REVIEW: Secret War- The Story of SOE-Britain’s wartime sabotage organization

Nigel’s book details the foundation and early years of the British Special Operations Executive (SOE) created in 1940. This organization has always been shrouded in secrecy due to the nature of its wartime and peacetime objectives. Formed during WWII it was instrumental in inserting men deep into enemy territory in the European, South-East Asia, Middle East and South American theaters of operation.

Overall the author does a great job of detailing the formation and activities of the SOE. Initially SOE was an amalgam of two existing clandestine units: the black propaganda staff known as Electra House and SIS’s sabotage branch known as Section D. The SOE was formed to foment subversion (raise hell) across the world. Churchill wanted them “to set the world ablaze”. This book covers extensively the first two years, SOE activities in the Middle East, Scandinavian operations, SOE in the low countries, operations in France, North Africa, Balkans, Greece, South-East Asia as well as India. I virtual who is who in the spy world, this book covers most of Britain’s SOE events that shaped the WWII spy craft type of operations and continued on through the Cold War era.

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The SOE’s involvement in Normandy during the critical days after the beach landings was a significant contributing factor to the overall success of the allied operation. Dozens of SOE operatives displayed extraordinary personal gallantry on numerous occasions throughout WWII. Often done without proper logistical support and  political backing.

Most of the resistance networks which SOE formed or worked with were controlled by radio directly from Britain or one of SOE’s subsidiary headquarters. All resistance circuits contained at least one wireless operator, and all drops or landings were arranged by radio, except for some early exploratory missions sent “blind” into enemy-occupied territory.

Initially SOE’s radio traffic went through the SIS-controlled radio station at Bletchley Park. After June 1942 SOE started using its own Grendon Underwood in Buckinghamshire and Poundon.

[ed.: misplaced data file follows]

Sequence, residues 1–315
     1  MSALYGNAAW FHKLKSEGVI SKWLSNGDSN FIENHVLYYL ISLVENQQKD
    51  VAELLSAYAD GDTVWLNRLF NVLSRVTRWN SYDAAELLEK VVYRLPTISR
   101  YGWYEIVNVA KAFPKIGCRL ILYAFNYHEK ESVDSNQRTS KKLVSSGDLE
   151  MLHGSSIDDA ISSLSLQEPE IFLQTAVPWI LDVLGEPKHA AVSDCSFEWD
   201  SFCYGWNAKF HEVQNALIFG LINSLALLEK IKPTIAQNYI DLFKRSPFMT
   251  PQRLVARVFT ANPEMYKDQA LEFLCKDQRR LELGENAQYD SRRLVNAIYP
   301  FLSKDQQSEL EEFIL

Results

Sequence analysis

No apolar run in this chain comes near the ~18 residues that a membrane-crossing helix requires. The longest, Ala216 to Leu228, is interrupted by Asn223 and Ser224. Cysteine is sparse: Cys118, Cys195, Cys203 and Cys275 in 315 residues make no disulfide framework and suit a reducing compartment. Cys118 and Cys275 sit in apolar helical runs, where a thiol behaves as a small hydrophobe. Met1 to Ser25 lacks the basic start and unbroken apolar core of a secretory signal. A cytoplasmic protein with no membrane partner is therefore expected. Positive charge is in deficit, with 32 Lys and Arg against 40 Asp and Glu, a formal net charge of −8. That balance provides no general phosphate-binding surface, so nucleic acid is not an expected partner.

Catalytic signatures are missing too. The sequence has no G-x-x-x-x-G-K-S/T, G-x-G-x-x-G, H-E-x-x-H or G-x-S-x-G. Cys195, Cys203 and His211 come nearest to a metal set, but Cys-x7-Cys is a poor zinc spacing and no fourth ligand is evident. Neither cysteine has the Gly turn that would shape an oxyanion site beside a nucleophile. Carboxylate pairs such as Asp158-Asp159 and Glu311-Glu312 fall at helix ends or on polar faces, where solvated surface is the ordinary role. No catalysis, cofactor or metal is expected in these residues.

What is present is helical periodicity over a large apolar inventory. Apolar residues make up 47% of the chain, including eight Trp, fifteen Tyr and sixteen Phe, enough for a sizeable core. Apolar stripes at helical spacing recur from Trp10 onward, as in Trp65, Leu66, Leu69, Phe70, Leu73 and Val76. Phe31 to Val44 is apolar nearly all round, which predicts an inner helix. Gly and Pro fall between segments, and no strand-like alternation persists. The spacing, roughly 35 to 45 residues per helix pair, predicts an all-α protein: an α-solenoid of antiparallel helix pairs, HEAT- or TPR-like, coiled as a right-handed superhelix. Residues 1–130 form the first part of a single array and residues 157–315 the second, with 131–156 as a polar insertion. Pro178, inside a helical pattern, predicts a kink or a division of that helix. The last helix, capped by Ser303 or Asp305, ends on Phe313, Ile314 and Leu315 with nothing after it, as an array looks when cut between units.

SOE depended on Communications Security (COMSEC) by means of three factors: the physical qualities and capabilities of the radio sets, the security of the transmission procedures and the provision of the provided ciphers. As with their first radio sets, SOE’s first ciphers were inherited from SIS. Leo Marks, SOE’s chief cryptographer, was responsible for the development of better codes to replace the insecure poem codes. Eventually, SOE settled on single use ciphers, printed on silk. Unlike paper, which would be given away by rustling, silk would not be detected by a casual search if it was concealed in the lining of clothing.

SOE’s first radios were large, clumsy and required large amounts of power. They designed and manufactured their own, such as the Paraset, under the direction of Lieutenant Colonel F. W. Nicholls R. Sigs who had served with Gubbins between the wars. The A Mk III, with its batteries and accessories, weighed only 9 pounds (4.1 kg), and could fit into a small briefcase, although the B Mk II, otherwise known as the B2, which weighed 32 pounds (15 kg), was required to work over ranges greater than about 500 miles (800 km).

In the field, agents could sometimes make use of the postal services, though these were slow, not always reliable and letters were almost certain to be opened and read by the Axis security services. In training, agents were taught to use a variety of easily available substances to make invisible ink, though most of these could be detected by a cursory examination, or to hide coded messages in apparently innocent letters. The telephone services were even more certain to be intercepted and listened to by the enemy and could be used only with great care.

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The most secure method of communication in the field was by courier. In the earlier part of the war, most women sent as agents in the field were employed as couriers, on the assumption that they would be less likely to be suspected of illicit activities

As WWII ended Anthony Eden had the vision for a need for a peacetime spy network deep undercover in numerous countries. Their early focus was Scandinavia, Italy, and Austria. Although the main allied effort during WWII and those of the SOE were successfully in eliminating horrible dictators in Germany and Italy, ultimately most of Europe remained under totalitarian control for the next forty five years following WWII. This situation was ripe for the further development and growth of the British and American intelligence services.

About the author. Nigel West The author also wrote “A Matter of Trust MI5: 1945-72”, “Molehunt”, “Game of Intelligence” and “The Friends: Britain’s Post-War Secret Intelligence Operations”.

This book is available on (US),  Amazon UK and at Pen and Sword Publishing.

Book review by Christopher (Moon) Mullins




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